• Duplicate code: The project had many category pages. Each category had a different search function instead of handling them at a central place.
  • Less Abstraction: The framework missed on abstracting several steps into one. For example – Searching for an item took three actions such as clicking the box, typing the word, and clicking the search.
  • Ineffective use of wait: I used implicit wait with a fixed timeout. But some pages were timing out due to higher load time. I’d to adopt the Fluent wait (with a variable timeout) to overcome this problem.
  • Improper error handling: It was getting hard to debug the cause of a failed test. At some places, the {try-catch} blocks were missing and hence cases were skipping w/o giving a proper message. Therefore, I’d to refactor the code by adding asserts and exception handling.
  • Inconsistent XPath: The 90% of the objects were using XPath. And they were inconsistent as the developers kept them changed while fixing new defects. The unfortunate practice was prevailing at both ends, the Dev/QA. I’d to call a discussion with them. And finally, we came to an agreement that either to have a fixed XPath or an ID for the web elements.
  • Performance & Localization: We were using the flat files (CSV) initially to feed data to test cases. However, it had us failed in testing localization as well as beaten us on the performance. Finally, we migrated all of our test data to MySQL DB and could get fixed both these issues.
  • Monolithic tests: Earlier tests weren’t using the labeling. Honestly, there wasn’t a way to do it. Hence, we integrated our test suite with the TestNG framework and got away with this limitation. Now, we have many test groups like features-based (F1, F2, F3…), priority-based (P1, P2, P3).

Q-12. How is a Page Object different from the Page Factory?

First of all, both these terms belong to the Page Object Model (POM), a design pattern in Selenium. Let’s now see how are they different from each other.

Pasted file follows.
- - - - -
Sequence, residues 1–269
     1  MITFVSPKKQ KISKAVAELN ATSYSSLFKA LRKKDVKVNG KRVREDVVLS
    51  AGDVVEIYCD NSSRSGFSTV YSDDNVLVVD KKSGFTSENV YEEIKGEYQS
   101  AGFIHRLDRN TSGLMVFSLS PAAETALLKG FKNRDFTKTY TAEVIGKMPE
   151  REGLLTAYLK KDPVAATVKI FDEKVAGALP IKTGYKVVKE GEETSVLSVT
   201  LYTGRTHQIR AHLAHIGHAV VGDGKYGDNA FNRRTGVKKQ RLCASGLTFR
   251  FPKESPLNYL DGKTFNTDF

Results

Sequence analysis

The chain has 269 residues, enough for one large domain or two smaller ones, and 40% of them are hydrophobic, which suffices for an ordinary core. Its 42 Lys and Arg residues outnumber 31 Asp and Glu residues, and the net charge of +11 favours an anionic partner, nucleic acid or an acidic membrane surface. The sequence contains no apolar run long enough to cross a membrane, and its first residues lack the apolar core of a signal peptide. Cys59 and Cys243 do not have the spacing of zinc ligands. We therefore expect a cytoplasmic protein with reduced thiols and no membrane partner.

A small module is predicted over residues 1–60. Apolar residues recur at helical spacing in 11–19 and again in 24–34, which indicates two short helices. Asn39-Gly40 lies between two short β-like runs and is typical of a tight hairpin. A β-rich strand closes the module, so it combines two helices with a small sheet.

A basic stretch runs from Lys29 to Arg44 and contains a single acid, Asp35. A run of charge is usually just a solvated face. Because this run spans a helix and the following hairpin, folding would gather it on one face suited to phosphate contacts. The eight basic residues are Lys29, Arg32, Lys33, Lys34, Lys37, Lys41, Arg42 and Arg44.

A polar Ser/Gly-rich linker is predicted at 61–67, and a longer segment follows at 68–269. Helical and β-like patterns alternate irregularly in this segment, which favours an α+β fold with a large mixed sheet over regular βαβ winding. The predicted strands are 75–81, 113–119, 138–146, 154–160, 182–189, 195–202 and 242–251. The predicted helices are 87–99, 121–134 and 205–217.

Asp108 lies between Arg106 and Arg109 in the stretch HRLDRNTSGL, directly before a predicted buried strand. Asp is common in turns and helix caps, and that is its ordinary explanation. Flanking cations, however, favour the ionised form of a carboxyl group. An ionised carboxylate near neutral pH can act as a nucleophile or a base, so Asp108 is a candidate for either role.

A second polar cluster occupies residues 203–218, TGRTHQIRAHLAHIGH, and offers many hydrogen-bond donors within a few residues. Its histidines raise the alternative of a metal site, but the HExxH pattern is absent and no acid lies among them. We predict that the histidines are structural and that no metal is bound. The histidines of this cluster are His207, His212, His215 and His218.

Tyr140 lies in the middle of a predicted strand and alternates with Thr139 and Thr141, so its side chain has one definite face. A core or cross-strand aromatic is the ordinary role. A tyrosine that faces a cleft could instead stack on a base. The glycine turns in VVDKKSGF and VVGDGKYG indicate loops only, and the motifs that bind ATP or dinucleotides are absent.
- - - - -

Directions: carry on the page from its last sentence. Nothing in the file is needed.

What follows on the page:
Page Object is a class in POM corresponding to a web page. It captures the functionality as functions and objects as members.

public class LogInPage
    private WebElement user;
    private WebElement pass;

    public LogInPage() {

    public void findObjects() {
        user = browser.findElement(By.id("userName"));
        pass = browser.findElement(By.id("password"));

    public void processLogIn() {

Page Factory is a method to set up the web elements within the page object.

public class LogInPage
    private WebElement user;

    private WebElement pass;

    public LogInPage() {
        PageFactory.initElements(browser, this); // Setup the members as browser.findElement()

    public void processLogIn() {

Q-13. What do you know about Selenium IDE?

Selenium IDE is a very popular Firefox browser extension. It presents a graphical interface to record, play and save user actions. Test automation beginners can find it convenient for web automation testing. After recording a workflow, we can also export the steps in various formats.

Shinya Kasatani was the developer who created Selenium IDE. The idea crossed his mind while he was investigating the JavaScript code inside the Selenium core. He then did a proof of concept and developed it into a full-fledged IDE.

Q-14. What do you know about Selenese?

Selenium IDE has a built-in linguistic system known as Selenese. It is a collection of Selenium commands to perform actions on a web page.

For example, it can detect broken links on a page, check the presence of a web element, Ajax, JavaScript alerts and a lot more. There are mainly three types of command in Selenese.